When family law backfires on incarcerated mothers, Elizabeth Hendren wants to be there to provide much needed legal help.
Ever since her high school years when she began working as a community organizer, Hendren saw a need to assist the vulnerable and marginalized. Her unwavering commitment to those with criminal histories spans housing, employment discrimination, immigration, family and domestic
issues. Her law degree from Seattle University now supports her vision.
Her desire to assist women who lose custody of their children because of incarceration has much to do with the lack of access to legal representation for mothers once they are released from prison. In private custody battles, these women frequently go against fathers with whom they have a history of abuse. Hendren is also concerned with legislation that can permanently terminate parental rights when a child becomes a dependent of the state for a year.
The law addresses the lifelong consequences for children who never progress from foster care to adoption. The same law, however, affects an increasing number of women in prison who lose their children even without a history of abuse or neglect. Mothers who are African American, Latina and Native American are more likely to be impacted, Hendren notes, because of the racial disparities in the state’s criminal and child welfare systems.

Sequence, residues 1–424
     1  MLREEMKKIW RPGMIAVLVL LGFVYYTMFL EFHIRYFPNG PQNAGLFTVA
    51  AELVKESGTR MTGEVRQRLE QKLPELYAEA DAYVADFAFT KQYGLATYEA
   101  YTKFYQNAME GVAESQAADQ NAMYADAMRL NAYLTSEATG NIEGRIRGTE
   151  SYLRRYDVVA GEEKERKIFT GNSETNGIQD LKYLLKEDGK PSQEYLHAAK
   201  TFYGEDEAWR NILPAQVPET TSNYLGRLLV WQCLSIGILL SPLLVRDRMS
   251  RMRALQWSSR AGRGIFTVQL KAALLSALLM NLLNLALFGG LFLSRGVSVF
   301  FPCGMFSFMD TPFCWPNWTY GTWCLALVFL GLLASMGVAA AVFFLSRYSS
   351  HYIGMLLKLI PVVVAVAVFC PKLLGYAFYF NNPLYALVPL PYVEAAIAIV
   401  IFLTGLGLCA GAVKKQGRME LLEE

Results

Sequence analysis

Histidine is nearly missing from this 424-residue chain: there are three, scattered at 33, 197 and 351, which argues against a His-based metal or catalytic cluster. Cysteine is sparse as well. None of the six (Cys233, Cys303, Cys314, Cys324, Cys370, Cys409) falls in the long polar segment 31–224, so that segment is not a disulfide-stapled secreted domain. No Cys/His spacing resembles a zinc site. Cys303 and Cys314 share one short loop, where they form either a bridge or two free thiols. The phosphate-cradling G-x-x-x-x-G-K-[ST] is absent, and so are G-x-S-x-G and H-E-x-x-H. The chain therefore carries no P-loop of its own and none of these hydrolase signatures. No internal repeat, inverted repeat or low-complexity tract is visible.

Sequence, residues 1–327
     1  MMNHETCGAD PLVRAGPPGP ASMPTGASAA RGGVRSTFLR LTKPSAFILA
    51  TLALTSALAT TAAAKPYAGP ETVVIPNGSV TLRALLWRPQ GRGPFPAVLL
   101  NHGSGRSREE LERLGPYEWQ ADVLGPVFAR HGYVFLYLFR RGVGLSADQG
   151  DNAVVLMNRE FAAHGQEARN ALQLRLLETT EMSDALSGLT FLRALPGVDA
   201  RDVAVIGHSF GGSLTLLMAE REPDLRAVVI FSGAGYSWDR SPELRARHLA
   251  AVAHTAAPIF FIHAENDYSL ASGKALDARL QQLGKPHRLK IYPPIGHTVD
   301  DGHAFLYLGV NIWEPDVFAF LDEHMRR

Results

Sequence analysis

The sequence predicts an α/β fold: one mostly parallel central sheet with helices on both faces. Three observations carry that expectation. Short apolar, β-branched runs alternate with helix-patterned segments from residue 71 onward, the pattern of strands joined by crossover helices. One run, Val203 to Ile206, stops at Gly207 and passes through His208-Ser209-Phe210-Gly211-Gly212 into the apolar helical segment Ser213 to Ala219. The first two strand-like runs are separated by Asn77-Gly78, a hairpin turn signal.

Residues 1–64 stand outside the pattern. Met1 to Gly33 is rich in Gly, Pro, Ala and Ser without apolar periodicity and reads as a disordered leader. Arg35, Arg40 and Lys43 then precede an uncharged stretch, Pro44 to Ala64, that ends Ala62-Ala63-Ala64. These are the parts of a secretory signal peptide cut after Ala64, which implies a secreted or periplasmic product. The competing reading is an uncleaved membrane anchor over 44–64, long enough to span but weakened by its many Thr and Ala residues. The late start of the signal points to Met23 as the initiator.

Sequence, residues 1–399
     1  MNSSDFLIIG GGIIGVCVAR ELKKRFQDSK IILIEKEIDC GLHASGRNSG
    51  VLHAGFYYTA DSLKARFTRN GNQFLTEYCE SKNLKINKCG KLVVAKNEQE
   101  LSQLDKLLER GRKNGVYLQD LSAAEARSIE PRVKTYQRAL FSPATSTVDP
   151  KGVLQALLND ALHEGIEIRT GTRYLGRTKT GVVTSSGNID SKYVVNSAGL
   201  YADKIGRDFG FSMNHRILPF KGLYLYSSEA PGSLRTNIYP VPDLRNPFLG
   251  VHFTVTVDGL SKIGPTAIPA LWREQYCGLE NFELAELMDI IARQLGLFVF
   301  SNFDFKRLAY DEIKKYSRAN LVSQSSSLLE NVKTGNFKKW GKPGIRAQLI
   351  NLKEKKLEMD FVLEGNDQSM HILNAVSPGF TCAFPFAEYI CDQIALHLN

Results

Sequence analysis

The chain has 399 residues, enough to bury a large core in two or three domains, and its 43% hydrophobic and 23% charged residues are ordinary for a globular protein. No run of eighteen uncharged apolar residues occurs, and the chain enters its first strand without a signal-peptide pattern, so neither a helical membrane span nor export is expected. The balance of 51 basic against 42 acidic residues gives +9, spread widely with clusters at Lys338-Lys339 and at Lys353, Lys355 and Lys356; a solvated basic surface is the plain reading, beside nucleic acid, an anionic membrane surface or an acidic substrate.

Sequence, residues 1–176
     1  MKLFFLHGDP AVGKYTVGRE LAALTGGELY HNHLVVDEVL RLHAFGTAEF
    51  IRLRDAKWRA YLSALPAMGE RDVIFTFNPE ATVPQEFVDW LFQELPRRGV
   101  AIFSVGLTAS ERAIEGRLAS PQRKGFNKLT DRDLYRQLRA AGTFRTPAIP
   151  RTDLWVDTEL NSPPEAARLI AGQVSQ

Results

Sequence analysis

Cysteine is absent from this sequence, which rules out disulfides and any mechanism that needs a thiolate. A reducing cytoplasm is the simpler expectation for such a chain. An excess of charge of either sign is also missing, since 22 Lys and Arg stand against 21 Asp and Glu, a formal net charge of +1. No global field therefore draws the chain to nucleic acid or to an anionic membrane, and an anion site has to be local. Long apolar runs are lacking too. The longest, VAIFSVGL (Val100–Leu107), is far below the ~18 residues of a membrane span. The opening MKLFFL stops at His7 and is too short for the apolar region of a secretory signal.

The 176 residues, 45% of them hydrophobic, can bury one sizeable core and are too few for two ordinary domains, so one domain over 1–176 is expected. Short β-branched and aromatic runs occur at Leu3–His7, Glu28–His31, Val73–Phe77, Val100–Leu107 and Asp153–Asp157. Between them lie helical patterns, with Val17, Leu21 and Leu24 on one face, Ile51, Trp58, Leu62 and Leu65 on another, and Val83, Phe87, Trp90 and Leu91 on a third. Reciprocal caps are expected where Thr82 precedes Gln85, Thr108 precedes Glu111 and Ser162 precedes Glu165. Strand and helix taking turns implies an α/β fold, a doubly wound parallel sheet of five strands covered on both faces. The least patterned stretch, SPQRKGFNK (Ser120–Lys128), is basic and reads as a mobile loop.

Hendren’s interest in helping those at risk moved her to volunteer for Common Ground Relief to help displaced Hurricane Katrina survivors in the Puget Sound area before she entered law school.
“People in my life were rarely able to access an attorney when they needed one because there were not enough attorneys who provided free legal services to low-income and poor people,” she says.
In the Northwest, Seattle University’s School of Law had the deepest commitment to social justice work, she says. She describes SU’s Access to Justice Institute as critical both to connect her to opportunities and to nurture her growth in social justice law. The institute features internships, fellowships, pro bono opportunities, social justice training and more.
Hendren interned with the domestic violence unit of the Northwest Immigrant Rights Project and the family law and housing units of the Northwest Justice Project in Seattle, where she developed the Reentry Initiated through Services and Education (RISE) Project.
In 2012, Hendren became the law school’s Leadership for Justice Fellow. SU is the only law school in Washington to offer a fellowship for a graduate to work with an organization on a specific social justice project for underserved or marginalized individuals or communities.
In the Northwest, Seattle University's School of Law had the deepest commitment to social justice work.